Stacey Abrams’ 2022 campaign for Georgia governor represents a generational opportunity for Black women in American politics. It’s a potential game-changer for parts of the South that continue to rely on voter suppression to retain power.
Abrams, who announced on her candidacy Wednesday on Twitter, is easily the highest-profile Black female political leader in the country who does not currently hold elected office. Abrams’ brilliance as a service-oriented leader, former elected official and voting-rights advocate places her in a long unbroken line of Black women organizers and activists who have sought to reimagine American democracy.
While she may not become the first Black woman governor in America, as a public figure and a candidate, Abrams represents an enduring tradition of radical democratic political activism by Black women. It’s one that has the potential to break down centuries-old structures of exclusion and violence that have not only marginalized Black women and the Black community but have also stifled America’s democratic progress.
Since losing a closely-fought 2018 Georgia governor’s race by a margin of 1.4 percentage points to Republican Brian Kemp, Abrams has emerged as America’s most prodigious voting-rights organizer and high-profile activist. The wording of her announcement speaks volumes about her experience in 2018 fighting back against her opponent’s efforts to keep tens of thousands of Georgians, disproportionately African American, from casting a ballot. She tweeted she is running now “because opportunity in our state shouldn’t be determined by zip code, background or access to power.”
In the aftermath of her 2018 defeat, Abrams organized the largest get-out-the-vote effort in the history of the Peach State, helping Democrats to reclaim the US Senate through the victories of Raphael Warnock and Jon Ossoff, while also pushing President Joe Biden to an unexpected victory there.
Abrams’ rising national star found her in contention to be Biden’s vice-presidential running mate, a position that ultimately went to the more politically centrist then-US Senator Kamala Harris from California. A former Georgia State legislator with law and public policy degrees from Yale and the University of Texas’ LBJ School of Public Affairs, respectively, Abrams has been an indefatigable political organizer, one with a jeweler’s eye for spotting talent.
Abrams’ work puts her in historic community with the bold work of Black women activists, freedom fighters and elected officials who came before her. Nineteenth century Black women suffragists including Frances Ellen Watkins Harper and Mary Church Terrell battled racism, sexism and White supremacy for decades in an effort to secure citizenship and dignity for African Americans. They helped to model ways to combat intersectional oppression (by race, gender and class) and became exemplars of a powerful feminist call for expanding the nation’s democratic imagination to recognize and amplify Black women’s leadership. Terrell and Harper organized civil rights organizations, clubs and networks that centered Black women’s political voices, strategic innovations and democratic insights as integral to achieving freedom for the Black community and the nation as a whole.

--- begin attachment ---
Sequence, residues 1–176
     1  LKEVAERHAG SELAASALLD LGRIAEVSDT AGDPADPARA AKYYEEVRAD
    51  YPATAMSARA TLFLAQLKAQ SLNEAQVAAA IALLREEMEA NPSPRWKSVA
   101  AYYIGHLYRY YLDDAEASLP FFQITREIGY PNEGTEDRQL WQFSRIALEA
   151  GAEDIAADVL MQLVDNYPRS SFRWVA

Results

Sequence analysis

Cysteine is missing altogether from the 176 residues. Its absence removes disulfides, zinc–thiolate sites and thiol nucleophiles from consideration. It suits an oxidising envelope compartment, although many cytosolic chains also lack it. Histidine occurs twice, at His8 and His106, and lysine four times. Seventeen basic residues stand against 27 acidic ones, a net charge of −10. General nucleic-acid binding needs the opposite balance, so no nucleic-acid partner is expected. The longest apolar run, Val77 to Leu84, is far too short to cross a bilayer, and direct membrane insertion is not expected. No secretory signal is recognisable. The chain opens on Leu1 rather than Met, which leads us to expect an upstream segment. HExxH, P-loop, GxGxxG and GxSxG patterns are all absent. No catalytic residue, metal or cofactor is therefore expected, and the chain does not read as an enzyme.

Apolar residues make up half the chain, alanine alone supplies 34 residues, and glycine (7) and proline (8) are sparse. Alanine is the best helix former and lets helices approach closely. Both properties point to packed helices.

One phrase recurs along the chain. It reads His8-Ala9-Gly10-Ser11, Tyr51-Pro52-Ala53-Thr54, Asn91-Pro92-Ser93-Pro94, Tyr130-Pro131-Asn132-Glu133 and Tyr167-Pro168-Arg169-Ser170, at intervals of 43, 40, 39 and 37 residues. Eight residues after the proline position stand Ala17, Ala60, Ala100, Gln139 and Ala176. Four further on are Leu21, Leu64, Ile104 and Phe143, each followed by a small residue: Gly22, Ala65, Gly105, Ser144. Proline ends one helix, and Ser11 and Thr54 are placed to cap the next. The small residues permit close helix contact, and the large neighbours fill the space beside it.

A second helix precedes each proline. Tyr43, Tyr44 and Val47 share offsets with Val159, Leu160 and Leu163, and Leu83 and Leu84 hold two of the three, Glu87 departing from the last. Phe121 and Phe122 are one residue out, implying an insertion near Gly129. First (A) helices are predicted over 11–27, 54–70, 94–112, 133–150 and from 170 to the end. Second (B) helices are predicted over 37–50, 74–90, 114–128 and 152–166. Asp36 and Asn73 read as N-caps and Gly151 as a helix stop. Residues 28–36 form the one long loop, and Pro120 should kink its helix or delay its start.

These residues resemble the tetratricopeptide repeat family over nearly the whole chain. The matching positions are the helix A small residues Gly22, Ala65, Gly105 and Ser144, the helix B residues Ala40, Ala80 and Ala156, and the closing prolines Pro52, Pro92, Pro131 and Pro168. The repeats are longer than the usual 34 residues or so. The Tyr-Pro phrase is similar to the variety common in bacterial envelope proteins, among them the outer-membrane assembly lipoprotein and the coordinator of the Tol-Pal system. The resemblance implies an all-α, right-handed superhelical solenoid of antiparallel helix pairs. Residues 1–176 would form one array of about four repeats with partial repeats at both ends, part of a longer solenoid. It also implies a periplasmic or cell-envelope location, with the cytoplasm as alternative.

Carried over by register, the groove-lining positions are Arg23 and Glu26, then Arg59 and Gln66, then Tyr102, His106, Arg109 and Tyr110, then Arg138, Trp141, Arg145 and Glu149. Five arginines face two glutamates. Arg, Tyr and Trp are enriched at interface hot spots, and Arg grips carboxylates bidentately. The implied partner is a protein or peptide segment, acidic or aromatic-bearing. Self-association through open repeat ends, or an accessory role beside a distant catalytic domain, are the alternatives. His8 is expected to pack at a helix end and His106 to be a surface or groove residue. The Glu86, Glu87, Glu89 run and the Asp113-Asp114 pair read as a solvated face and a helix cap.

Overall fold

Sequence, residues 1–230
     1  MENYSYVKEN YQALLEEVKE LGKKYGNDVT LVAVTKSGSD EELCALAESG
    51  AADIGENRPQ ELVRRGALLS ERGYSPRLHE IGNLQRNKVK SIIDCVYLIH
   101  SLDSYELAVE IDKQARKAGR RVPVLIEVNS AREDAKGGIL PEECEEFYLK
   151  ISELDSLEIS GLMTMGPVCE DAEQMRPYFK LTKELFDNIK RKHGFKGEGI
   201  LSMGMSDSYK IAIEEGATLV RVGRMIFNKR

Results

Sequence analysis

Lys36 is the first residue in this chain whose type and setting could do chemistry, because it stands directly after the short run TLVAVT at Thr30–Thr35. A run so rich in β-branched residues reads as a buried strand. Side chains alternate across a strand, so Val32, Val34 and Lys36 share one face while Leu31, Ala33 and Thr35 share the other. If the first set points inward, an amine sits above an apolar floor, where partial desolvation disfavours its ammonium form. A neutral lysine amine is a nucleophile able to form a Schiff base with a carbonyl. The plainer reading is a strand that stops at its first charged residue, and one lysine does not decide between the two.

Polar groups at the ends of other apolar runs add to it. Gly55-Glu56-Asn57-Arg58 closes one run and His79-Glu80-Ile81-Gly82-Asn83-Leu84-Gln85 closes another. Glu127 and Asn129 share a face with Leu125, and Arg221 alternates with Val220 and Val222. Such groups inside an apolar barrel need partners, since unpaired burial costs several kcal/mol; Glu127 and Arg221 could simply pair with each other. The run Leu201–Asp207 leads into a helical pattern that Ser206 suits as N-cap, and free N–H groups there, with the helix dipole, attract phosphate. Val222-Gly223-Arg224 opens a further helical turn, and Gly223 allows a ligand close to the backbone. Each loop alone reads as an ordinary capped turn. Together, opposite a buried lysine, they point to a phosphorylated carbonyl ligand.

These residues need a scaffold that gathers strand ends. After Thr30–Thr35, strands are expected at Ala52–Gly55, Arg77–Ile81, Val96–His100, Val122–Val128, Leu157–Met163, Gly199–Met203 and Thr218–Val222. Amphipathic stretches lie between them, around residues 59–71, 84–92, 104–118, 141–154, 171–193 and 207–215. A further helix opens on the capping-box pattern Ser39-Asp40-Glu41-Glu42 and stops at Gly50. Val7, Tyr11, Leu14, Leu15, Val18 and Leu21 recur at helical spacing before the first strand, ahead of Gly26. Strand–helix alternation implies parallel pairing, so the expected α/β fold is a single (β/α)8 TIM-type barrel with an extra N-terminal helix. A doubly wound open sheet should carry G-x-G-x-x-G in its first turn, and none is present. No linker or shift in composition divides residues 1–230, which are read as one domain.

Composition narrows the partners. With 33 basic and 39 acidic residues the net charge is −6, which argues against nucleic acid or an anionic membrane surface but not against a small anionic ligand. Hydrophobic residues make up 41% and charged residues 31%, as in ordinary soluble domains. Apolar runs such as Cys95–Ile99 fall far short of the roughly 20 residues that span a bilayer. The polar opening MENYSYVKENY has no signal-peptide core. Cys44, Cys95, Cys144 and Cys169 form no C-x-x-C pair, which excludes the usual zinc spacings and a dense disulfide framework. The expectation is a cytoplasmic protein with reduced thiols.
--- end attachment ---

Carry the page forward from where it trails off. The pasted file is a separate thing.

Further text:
Black women’s advocacy for a truly inclusive democracy resonates deeply in our own time as well. 2020’s racial and political reckoning heralded a long awaited national and global recognition of Black women’s organizing. From the grassroots moral and political crusade ignited by Black feminist leadership behind the Black Lives Matter Movement to the electoral organizing by Abrams and the election of the first Black woman vice president.
Abrams’ organizing and the votes of millions of Black women nationally helped to secure so many of the 2020 political victories for Democrats, yielding crucial dividends. Bolstered Democratic power allowed for passage of a pandemic bill that centered racial equity and the recent infrastructure package, the largest investment of its kind made in generations. The bill includes $65 billion dollars aimed toward reversing decades of racial disparities in infrastructure spending, although how to spend this money is left largely up to individual states. While these policy and legislative victories are still in progress, they would not have been possible without Black women’s organizing at the grassroots, service-oriented leadership in the electoral, nonprofit, religious, business and public sector arenas, and their inspirational belief that America’s best days are ahead of us if we are courageous enough to prioritize people over punishment.
In Congress, the voices of progressive Black women, such as Reps. Ayanna Pressley from Massachusetts and Cori Bush of Missouri have pushed the Democratic Party to champion bold, innovative and inclusive policies on a scale that matches the enormous challenges of this current moment. This past summer, Congresswoman Bush leveraged enough pressure on House Speaker Nancy Pelosi and Biden to get the president to sign a 60-day eviction moratorium, an issue that aided countless low-income communities facing housing insecurity amidst the pandemic and its various recurrences.
There is so much more work that needs to be done. Whether or not she is elected in Georgia next year, Abrams is uniquely positioned to push for the progress we need.
Peniel E. Joseph is the Barbara Jordan Chair in ethics and political values and the founding director of the Center for the Study of Race and Democracy at the LBJ School of Public Affairs at the University of Texas at Austin, where he is also a professor of history. The views expressed here are his own. View more opinion articles on CNN/opinion.